Having referred in the most recent rambling to my inner struggle of to blog or not to blog, I inadvertently staged a Brett Favre retirement. Now I feel like an idiot. But a thankful idiot. I didn’t mean to provoke any one to write but thank you to those that did. (Thanks, Mom.)
All three of my children had check-ups this week. It has been at least nine months since any of them have been to a doctor. Due to the different medical practices in the UK, Harriet and Hugh have never had a check-up and Norah’s last was four years ago. It was an interesting week. In the course of the experience Norah made the nurse cry, I learned that Harriet actually believes her last name to be “Bean”, and that Hugh is off the charts for height. I’ve already nicknamed him “Huge” and I promise you Alex already has his sights on the 2034 NFL draft.
Getting back on track with vaccinations plus rejoining the American immunization scheme meant four shots apiece. The girls were in together and Norah went first. Then it was Harriet’s turn. Harriet had watched Norah’s ordeal with the greatest interest, assisting in the application of glitter Band-Aids. She then climbed gaily up on my lap, declaring happily that it was her turn for “da shots.” After the first one, she changed her mind. Here’s where we made the nurse cry. Norah, who had cried briefly when she had her shots, couldn’t stand the sight of Harriet’s pain. She dropped all the glitter Band-Aids all over the floor and burst into hysterical tears, clapping her hands over her ears so she wouldn’t hear Harriet crying and backing into the corner. “I don’t want you to hurt my sister!” she said to the nurse. I was holding a weeping Harriet, and could only look helplessly at the nurse, who began to cry. “That’s so sweet,” she cried. “That’s never happened before.” It was an emotional morning.
One of several vaccines my younger children missed was the rotavirus vaccine, which is not offered in the UK. It basically protects against what Americans call “the stomach flu”–or diarrhea and vomiting illnesses. It is now too late for Harriet and Hugh to have it. “The risks are very minimal to children with access to good medical care,” the doctor had said. Then he added matter-of-factly, “If they become dehydrated, they can always go to the hospital for an IV. Without that we see millions of young children lost to it world-wide.” I cannot imagine watching my child lose the battle with a treatable illness and be powerless to help.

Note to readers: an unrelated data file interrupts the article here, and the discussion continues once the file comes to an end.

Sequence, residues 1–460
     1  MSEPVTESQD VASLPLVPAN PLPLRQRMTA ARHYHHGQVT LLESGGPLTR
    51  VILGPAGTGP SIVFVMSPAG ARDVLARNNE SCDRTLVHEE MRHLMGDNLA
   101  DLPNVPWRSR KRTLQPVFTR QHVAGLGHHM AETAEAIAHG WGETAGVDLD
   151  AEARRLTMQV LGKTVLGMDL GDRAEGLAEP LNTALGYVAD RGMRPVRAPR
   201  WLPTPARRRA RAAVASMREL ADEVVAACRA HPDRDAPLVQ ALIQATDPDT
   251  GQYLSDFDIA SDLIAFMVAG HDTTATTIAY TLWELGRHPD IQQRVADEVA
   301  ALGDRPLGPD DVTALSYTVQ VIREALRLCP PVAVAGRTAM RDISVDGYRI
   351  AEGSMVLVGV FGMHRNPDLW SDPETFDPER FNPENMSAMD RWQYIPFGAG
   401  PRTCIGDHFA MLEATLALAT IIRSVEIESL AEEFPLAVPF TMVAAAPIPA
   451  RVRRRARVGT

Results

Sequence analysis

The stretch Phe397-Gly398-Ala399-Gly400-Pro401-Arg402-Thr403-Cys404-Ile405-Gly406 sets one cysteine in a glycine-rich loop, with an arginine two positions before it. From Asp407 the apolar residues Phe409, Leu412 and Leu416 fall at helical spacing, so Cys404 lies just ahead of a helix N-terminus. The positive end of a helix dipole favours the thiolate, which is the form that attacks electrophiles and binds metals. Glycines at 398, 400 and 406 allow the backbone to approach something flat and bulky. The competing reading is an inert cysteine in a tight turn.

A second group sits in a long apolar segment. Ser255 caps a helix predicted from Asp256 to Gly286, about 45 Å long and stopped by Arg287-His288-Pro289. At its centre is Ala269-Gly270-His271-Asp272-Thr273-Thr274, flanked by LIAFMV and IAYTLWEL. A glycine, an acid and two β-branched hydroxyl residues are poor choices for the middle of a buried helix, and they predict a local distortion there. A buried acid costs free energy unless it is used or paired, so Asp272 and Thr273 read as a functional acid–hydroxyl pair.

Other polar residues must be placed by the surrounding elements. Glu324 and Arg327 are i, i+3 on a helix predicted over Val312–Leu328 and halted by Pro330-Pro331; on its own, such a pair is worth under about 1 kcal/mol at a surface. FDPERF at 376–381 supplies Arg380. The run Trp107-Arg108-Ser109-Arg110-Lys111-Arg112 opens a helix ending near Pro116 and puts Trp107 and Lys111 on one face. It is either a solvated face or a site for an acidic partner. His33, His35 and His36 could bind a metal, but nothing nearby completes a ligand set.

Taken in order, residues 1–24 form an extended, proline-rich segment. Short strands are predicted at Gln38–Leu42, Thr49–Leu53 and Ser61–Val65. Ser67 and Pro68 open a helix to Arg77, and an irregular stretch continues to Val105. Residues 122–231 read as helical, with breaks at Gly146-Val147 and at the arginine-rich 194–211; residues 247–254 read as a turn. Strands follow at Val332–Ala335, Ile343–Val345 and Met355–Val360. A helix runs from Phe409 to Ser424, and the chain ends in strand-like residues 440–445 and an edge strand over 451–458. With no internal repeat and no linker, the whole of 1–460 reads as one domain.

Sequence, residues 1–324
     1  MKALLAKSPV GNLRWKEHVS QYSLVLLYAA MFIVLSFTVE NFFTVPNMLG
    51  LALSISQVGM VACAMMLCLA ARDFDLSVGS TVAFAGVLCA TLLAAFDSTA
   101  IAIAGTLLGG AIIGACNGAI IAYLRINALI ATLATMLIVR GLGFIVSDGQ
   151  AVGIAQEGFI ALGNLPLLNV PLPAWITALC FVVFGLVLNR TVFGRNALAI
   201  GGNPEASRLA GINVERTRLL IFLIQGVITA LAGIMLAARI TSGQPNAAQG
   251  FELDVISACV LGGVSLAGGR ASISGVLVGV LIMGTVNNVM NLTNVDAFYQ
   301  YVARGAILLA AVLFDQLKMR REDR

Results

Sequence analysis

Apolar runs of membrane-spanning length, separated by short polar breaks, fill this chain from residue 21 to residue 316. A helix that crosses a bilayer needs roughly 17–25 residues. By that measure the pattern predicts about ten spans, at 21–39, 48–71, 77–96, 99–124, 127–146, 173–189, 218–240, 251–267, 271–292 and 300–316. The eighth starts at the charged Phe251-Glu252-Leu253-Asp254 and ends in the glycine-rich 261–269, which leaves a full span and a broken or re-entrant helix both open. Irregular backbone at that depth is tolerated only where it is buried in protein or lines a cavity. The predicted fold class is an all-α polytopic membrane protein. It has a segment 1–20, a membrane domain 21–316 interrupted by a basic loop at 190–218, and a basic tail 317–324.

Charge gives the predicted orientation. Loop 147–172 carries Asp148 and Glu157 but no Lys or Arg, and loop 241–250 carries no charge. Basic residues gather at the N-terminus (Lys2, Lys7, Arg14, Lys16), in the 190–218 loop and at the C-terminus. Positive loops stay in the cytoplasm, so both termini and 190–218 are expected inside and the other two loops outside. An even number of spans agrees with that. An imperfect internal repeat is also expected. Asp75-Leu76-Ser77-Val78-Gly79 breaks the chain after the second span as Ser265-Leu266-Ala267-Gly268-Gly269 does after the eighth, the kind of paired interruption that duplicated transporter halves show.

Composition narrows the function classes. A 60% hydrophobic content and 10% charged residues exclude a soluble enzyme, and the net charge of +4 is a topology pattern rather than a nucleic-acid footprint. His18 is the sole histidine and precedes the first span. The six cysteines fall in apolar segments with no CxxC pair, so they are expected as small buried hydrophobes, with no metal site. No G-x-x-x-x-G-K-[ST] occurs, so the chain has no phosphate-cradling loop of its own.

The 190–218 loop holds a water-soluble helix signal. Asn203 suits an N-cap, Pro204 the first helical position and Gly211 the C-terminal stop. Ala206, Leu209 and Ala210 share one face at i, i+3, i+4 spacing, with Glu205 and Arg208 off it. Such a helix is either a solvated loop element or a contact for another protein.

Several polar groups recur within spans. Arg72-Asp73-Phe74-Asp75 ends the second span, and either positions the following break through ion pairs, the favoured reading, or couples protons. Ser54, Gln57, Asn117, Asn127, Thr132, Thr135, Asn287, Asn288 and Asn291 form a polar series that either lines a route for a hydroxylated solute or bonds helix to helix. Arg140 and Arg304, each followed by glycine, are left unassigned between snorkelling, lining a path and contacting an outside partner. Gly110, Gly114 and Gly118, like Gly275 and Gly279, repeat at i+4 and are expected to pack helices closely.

Which brings me to the point. My children had their eyes, ears, growth, development, reflexes, blood pressure, spines, hearts, and lungs checked and seem to be fully healthy in every way. (They had a minor virus last week, from which they will fully recover.) For their entire lives my children have had access to the best medical care in the world. For some reason this time it just hit me: there is so much for which to be grateful in those simple statements! What an astonishing, incredible, amazing blessing from our good God. I have no trouble listing things for God to fix when they’re sick: when’s the last time I really thanked him for their rosy health? Have I ever driven (or walked) to a doctor’s office blessing God’s name for his goodness in giving us such medical care? Or am I mostly whining about having to go and wondering if we’ll pick up chicken pox or something from the waiting room furniture? How many mothers would trade places with me in a second?
I’m going to go get the children, line them up in a row (okay, herd them into a corner) and thank God for every wiggle and holler.